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I am an Australian citizen.

Many years ago, whilst travelling on holiday to the US I signed up for a Bank of America e-banking account. It had no monthly fees and all was well. Every time I went on holiday I would deposit money into the US account and use it freely to pay merchants/businesses in the US.

Recently the bank abruptly removed its e-banking account and apparently migrated its e-banking customers to a core checking account with a $12 monthly fees if the account is less than $1500 US.

Are banks legally allowed to do this? In particular, no notice was provided on the upcoming monthly maintenance fee. I had not been sent any information via email or mail about the new account fees. It was only when I logged into the account and saw the fee automatically deducted from my account that I found out about it.

Secondly can the bank forcibly decide to charge these fees placing the account into the red/negative.

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    BofA is particularly aggressive in its banking fees, especially for small accounts. – user3270 Aug 31 '18 at 14:04
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Was there a message posted in your online account, or on one of your statements, before the fees started? I'll bet there was. That was your notice.

Take a look at the Account Agreement or similar document that you were given when you opened the account. I'll bet it includes the following:

  • The bank has the right to change the terms of the account, including fees, at any time, as long as they give you notice (see below). You would then have the option to close your account; if you don't, that constitutes acceptance of the new terms.

  • Notice of account changes can be given by a message in your online account (which you'd have to log in to know about) or on your monthly statement (which you also have to log in to see). They don't have to be given by mail (particularly since you've opted for an "e-banking" account) nor by email (which banks typically say is too insecure).

Such terms are pretty common and I'm not aware that they have ever been found illegal. So if this is the case, then it would appear that the bank did what it promised, and legally it's your fault for not logging in to check your account more often.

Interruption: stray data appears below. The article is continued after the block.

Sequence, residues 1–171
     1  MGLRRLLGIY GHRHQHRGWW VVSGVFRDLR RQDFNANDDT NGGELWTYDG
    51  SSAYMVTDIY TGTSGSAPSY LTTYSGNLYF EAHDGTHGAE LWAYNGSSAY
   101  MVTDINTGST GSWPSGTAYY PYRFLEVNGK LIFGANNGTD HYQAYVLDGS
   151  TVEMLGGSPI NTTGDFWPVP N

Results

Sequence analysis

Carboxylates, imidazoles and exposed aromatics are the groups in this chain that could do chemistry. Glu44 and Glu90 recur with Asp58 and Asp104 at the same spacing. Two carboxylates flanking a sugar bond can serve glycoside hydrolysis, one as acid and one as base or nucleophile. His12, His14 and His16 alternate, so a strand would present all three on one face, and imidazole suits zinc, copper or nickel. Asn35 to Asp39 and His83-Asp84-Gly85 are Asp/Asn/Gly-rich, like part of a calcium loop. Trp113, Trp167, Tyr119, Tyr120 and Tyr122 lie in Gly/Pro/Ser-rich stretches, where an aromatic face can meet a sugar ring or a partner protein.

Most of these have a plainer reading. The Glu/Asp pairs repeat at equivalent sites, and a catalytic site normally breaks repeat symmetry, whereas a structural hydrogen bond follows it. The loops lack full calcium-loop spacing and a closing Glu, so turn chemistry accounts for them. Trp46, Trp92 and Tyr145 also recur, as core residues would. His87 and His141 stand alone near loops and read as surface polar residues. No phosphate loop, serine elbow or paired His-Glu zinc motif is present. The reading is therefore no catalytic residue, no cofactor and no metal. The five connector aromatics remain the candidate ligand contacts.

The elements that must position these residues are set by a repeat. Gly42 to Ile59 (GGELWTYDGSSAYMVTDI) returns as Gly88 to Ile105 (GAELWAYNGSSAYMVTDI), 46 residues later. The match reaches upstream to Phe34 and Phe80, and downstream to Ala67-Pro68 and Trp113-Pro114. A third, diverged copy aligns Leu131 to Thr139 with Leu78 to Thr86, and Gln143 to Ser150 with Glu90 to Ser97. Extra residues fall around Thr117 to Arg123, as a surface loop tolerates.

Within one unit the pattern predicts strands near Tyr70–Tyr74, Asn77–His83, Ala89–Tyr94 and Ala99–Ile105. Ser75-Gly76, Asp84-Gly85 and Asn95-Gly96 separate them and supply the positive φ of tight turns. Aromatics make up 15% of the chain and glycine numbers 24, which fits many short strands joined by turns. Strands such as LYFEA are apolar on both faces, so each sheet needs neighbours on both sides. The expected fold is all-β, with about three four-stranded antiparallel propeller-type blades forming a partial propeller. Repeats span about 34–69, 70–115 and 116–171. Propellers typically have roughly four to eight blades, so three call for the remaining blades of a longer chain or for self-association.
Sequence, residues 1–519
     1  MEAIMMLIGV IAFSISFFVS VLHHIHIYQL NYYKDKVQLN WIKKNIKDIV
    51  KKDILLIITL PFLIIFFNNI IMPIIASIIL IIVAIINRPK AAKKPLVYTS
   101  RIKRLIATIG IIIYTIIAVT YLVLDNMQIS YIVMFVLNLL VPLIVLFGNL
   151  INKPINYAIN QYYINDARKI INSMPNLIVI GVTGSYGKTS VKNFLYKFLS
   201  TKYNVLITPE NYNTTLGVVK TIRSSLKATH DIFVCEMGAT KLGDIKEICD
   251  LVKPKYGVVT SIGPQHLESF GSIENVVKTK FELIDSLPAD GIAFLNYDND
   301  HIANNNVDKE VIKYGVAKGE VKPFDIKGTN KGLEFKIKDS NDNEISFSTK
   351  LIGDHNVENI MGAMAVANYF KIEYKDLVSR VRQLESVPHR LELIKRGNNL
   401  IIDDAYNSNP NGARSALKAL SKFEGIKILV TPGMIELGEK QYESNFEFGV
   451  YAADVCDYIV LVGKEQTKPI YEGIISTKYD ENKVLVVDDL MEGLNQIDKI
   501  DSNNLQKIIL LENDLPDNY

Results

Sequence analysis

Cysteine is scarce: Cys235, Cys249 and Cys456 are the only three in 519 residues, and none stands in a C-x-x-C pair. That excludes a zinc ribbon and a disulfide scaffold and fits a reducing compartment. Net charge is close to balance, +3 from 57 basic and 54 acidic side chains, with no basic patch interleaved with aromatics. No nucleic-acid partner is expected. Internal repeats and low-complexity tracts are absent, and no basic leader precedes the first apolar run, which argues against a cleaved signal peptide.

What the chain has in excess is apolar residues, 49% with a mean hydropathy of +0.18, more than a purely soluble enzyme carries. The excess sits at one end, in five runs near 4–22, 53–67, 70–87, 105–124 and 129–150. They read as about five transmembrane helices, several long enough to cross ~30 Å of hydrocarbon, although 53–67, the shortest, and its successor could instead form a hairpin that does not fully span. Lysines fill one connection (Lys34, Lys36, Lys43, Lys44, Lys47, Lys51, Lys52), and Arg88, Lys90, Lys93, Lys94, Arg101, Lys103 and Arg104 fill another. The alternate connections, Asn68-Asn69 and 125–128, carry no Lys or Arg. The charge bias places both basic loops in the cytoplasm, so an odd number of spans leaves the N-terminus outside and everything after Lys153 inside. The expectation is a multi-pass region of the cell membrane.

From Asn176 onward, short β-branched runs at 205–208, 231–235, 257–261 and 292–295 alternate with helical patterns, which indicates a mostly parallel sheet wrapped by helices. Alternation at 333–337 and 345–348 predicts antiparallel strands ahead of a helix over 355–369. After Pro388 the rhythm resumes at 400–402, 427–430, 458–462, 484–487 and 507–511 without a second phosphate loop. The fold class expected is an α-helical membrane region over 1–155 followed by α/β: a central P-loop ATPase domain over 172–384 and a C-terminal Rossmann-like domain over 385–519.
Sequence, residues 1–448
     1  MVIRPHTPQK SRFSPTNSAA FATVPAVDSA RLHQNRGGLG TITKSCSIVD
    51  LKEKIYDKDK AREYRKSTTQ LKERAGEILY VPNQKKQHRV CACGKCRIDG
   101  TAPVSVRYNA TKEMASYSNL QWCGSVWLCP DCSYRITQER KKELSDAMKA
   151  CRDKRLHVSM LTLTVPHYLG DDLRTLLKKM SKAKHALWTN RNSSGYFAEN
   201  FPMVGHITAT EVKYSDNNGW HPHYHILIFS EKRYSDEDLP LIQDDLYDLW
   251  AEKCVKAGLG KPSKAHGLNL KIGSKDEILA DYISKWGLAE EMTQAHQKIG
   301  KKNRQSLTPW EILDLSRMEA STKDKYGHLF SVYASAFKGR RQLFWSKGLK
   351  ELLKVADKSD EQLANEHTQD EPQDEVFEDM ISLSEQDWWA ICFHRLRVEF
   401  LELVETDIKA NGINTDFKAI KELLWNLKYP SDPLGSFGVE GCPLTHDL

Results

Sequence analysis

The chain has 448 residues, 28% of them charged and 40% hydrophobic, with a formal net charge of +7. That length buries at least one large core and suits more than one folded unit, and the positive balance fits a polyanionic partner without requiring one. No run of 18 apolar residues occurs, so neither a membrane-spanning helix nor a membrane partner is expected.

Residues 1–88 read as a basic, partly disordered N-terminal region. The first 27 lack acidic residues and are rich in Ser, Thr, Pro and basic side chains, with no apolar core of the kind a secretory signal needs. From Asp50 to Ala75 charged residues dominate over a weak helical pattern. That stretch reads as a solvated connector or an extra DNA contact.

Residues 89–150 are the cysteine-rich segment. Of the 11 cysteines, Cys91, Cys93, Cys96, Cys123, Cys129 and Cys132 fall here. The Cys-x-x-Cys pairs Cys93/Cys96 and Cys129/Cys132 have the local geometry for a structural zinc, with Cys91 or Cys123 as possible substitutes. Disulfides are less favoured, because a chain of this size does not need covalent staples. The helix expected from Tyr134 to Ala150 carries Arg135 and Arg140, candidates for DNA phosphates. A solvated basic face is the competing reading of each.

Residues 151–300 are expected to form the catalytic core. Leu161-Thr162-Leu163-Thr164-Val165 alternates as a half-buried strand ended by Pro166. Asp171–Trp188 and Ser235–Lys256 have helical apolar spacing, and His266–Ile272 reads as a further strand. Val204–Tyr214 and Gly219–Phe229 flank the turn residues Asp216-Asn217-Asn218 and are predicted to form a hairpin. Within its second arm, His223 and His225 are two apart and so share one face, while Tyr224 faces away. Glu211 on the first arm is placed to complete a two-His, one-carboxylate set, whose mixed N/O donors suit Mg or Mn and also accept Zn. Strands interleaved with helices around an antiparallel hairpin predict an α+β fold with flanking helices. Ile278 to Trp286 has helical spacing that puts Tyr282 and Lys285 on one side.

Secondly can the bank forcibly decide to charge these fees placing the account into the red/negative.

Yes, the new terms would be that you agreed to have the fees deducted from your account, whether there's enough money there or not. If your balance is negative then you are now in debt to the bank, and they can do the usual things to try to collect - sending nasty letters, reporting the delinquency to a credit agency, and in principle, suing you.

  • The one thing that might get the bank in trouble is changing the account type. It's not immediately obvious whether this counts as a change in terms on the account the customer agreed to, or signing the customer up for a new type of account without consent (ala Wells Fargo, which wouldn't have been hit with fines if the terms and conditions were carte blanche for subjecting customers to the terms of different account types). – Ben Voigt Sep 1 '18 at 23:23
  • @BenVoigt: In this case it sounds like the account was originally a checking account, and still is. The change in name from "e-banking" to "core checking" is just branding and doesn't have any legal significance that I know of. The big scandal with Wells Fargo was things like taking a customer with a checking account and opening a line of credit for them, which has a completely different function. Also, AFAIK Wells Fargo didn't notify their customers by any means to give them a chance to opt out. – Nate Eldredge Sep 2 '18 at 15:55
  • It sounds like it was originally a deposit account, and now is a line of credit (the only way you can have a negative balance in a checking account is if the bank is extending credit). A checking account with maintenance requirements is a totally different function from an as-you-go deposit account. – Ben Voigt Sep 2 '18 at 16:27
  • A line of credit is when the bank gives you money at your request. When your account goes negative because of fees imposed by the bank, I don't think that's treated like a line of credit for legal purposes. It's just recording your failure to pay fees that you agreed to pay, and that you now owe to the bank. It can happen with any kind of account. – Nate Eldredge Sep 2 '18 at 21:47
  • No, with a pure deposit account you don't owe those fees to the bank. You just won't receive the service that you haven't paid for. – Ben Voigt Sep 2 '18 at 22:05

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